I am the song leader in my church. I am not very proficient as a musician or a choral director. I pray that, someday soon, God will send someone more capable, to take this ministry from me. But for the time being it is my responsibility to select the music and lead the congregation in the singing every week.

I take that responsibility seriously. The hymns and songs that I select must be doctrinally sound, they must be appropriate for worship with a God-centered worldview, and, withing those parameters, I try to select music that will reinforce and, support the text and subject of my pastor’s messages.

Some of us have been singing the hymns for years; the words roll off our lips but the messages often don't engage our minds or penetrate our hearts. With the apostle Paul, I want the congregation to "sing with understanding."

So for the past couple years, it has been my practice to select one hymn each week, research it, and then highlight it with a short introductory commentary so that the congregation will be more informed regarding the origin, the author's testimony, or the doctrinal significance of the hymns we sing.

It is my intention here with this blog, to archive these hymn commentaries for my reference and to make them freely available to other church song leaders. For ease of reference, all the hymn commentaries in this blog will be titled IN ALL CAPITAL LETTERS. Other posts (which will be music ministry related opinion pieces) will be printed in lower case letters.

I know that some of the comments contain traces of my unique style, but please feel free to adapt them and use the content any way you can for the edification of your congregation and to the glory of God.

All I ask is that you leave a little comment should you find something helpful.

Ralph M. Petersen

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Friday, March 25, 2016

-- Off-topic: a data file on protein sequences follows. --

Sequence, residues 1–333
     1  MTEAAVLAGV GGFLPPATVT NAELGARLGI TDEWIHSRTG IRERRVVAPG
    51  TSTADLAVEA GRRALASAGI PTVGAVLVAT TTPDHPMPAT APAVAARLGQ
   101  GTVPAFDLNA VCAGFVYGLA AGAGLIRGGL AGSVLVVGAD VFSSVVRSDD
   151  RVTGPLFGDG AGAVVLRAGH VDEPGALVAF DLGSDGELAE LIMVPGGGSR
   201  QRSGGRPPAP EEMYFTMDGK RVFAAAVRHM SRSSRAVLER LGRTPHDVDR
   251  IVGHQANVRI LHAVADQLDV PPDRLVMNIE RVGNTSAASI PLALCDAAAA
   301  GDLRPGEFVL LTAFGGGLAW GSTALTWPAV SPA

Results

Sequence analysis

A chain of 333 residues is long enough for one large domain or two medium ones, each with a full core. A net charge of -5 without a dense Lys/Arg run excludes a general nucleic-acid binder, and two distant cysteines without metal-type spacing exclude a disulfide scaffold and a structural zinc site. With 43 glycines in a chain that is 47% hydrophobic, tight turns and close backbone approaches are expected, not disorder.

I came across a meme* that has appeared frequently this Christmas season and some of you might have seen it also.  It is a picture of the manger with the caption; “One unplanned pregnancy saved us all.”  

The use of that imagery to make a social argument against abortion (or even homelessness) seems repugnant.

It’s not that the picture, itself, is bad or that it doesn’t invoke thoughts about God coming into His creation in the form of a baby.  It’s just that the suggestion that Mary’s pregnancy was unplanned is incompatible with the doctrines of God and the incarnation.  In fact, the incarnation was planned before the creation of the universe and, God ordered every single detail, of the story, with meticulous accuracy. 

And that seems to be a troublesome paradox. 

There is an ancient Polish Christmas carol that dates back possibly 700 years.  The title of the song suggests the paradox; INFANT HOLY, INFANT LOWLY.  It is hard to comprehend an Almighty, Sovereign God who would plan such a lowly entrance into His creation.

That paradox (the lowly birth or the lowliness of Jesus) is noted in several other songs, poetry, and prose.  Consider these words by Saint Augustine of Hippo (354-430)

Filling the World, He Lies In a Manger

Maker of the sun,
He is made under the sun.

In the Father, He remains,
From His mother, He goes forth.

Creator of heaven and earth,
He was born on earth under heaven.

Unspeakably wise,
He is wisely speechless.

Filling the world,
He lies in a manger.

Ruler of the stars,
He nurses at His mother's bosom.
He is both great in the nature of God,
and small in the form of a servant.

"The claim that Christianity makes for Christmas is that at a particular time and place God came to be with us Himself.  When Quirinius was governor of Syria, in a town called Bethlehem, a child was born who, beyond the power of anyone to account for, was the high and lofty One made low and helpless. The One who inhabits eternity comes to dwell in time. The One whom none can look upon and live is delivered in a stable under the soft, indifferent gaze of cattle. The Father of all mercies puts Himself at our mercy."                            

Frederick Buechner


Infant holy, infant lowly,
For His bed a cattle stall;
Oxen lowing, little knowing
Christ the child is Lord of all.
Swiftly winging, angels singing,
Bells are ringing, tidings bringing:
Christ the child is Lord of all!
Christ the child is Lord of all!

Flocks were sleeping, shepherds keeping
Vigil till the morning new
Saw the glory, heard the story,
Tidings of a Gospel true.
Thus rejoicing, free from sorrow,
Praised voicing, greet the morrow:
Christ the child was born for you!
Christ the child was born for you!

(Meme - a cultural item in the form of an image, video, phrase, etc., that is spread via the Internet and often altered in a creative or humorous way).

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